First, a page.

Japanese Castle Explorer

by Daniel O'Grady

Imjin War book cover Castles of the Samurai: Power and Beauty

Takamatsu Castle

Images: Daniel O'Grady


Takamatsu Domain

1600 - 1640

Ikoma Clan

171,000 Koku

1642 - 1871

Matsudaira  Clan

120,000 Koku

Takamatsu Castle is classified as a flatland castle (its layout: Rinkakushiki), and is located in Kagawa Prefecture. During the pre-modern age, it found itself within the borders of Sanuki Province. It is associated with the Ikoma, Matsudaira (Mito) clans. Dates in use: 1590 - 1869.

Sizable sections of Takamatsu castle's stonework and most of the Edo-period turrets & gates had been dismantled after the fief system was abolished in 1869. A handful of buildings have managed to survive though, and at present, major efforts are underway to restore much of what remains. There is even a chance we'll be seeing a fully-restored main tower in the coming years.

Recent years have seen some big changes taken place. Since my visit here in November 2001, a covered walkway spanning the moat between the Ni-no-maru & the main enclosure was built. Years later though, it had to be partly dismantled to allow restoration work to be carried out on the Hon-maru's foundations.

The upper-most level of Takamatsu's three-layered, three-storied main tower overhung the level directly below it. This unusual style was known as Kara zukuri (唐造) and became later known as Nanban zukuri (南蛮造り). The lowest level of Takamatsu castle's main tower overhung its stone base just as it did at Hagi castle & does at Kumamoto castle.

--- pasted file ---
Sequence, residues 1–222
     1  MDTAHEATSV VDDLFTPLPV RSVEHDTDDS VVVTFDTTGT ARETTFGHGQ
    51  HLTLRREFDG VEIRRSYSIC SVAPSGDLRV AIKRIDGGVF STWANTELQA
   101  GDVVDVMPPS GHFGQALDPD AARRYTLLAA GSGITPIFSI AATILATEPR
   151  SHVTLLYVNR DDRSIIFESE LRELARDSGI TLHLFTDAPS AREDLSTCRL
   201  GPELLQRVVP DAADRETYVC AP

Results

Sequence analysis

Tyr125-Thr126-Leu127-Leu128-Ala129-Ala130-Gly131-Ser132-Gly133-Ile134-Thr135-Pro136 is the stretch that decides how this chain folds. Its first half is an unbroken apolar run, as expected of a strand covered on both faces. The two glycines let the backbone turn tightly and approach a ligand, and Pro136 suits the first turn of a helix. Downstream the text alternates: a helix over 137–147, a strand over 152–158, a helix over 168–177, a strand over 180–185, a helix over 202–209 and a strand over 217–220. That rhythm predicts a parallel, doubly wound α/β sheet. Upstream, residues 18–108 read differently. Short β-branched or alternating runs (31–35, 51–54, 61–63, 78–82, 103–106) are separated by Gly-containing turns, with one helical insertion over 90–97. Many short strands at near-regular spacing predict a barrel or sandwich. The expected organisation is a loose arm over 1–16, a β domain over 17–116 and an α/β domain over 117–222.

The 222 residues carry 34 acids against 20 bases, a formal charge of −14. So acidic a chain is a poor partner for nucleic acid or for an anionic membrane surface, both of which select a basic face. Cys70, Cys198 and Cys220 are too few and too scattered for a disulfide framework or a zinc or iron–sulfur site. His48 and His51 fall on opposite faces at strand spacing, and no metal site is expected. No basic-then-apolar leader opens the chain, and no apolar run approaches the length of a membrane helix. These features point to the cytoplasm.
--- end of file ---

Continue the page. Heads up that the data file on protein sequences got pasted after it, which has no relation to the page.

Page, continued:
Google Map Views (グーグルマップ)

Best view ベストビュー
Orbit view 軌道ビュー


1588 The Ikoma Clan commenced construction of the castle.
1590 Construction completed.
1639 After falling out of favour with the Tokugawa Shogunate, the Ikoma clan were transferred to a much smaller fief in distant Dewa province.
1642 The Mito branch of the Matsudaira clan were stationed here.
1669 Renovations were made to the three-layered, five storied main tower.
1671 The castle underwent repairs.
1676 The Tsukimi Turret was built.
1677 The Ushitora Turret was built.
1869 The castle was abandoned.
1884 The main tower was torn down.
1917 The Hiunkaku (San-no-maru palace) was completed. The beautifully-maintained complex is quite large and has several wings.
2009 A tile decorated with the Ikoma clan's family crest was excavated from the moat that surrounds the base of the main tower.

Historical recognition

SiteNational Historic Site
Tsukimi TurretImportant Cultural Property
Watari TurretImportant Cultural Property
Mizute GateImportant Cultural Property
Ushitora TurretImportant Cultural Property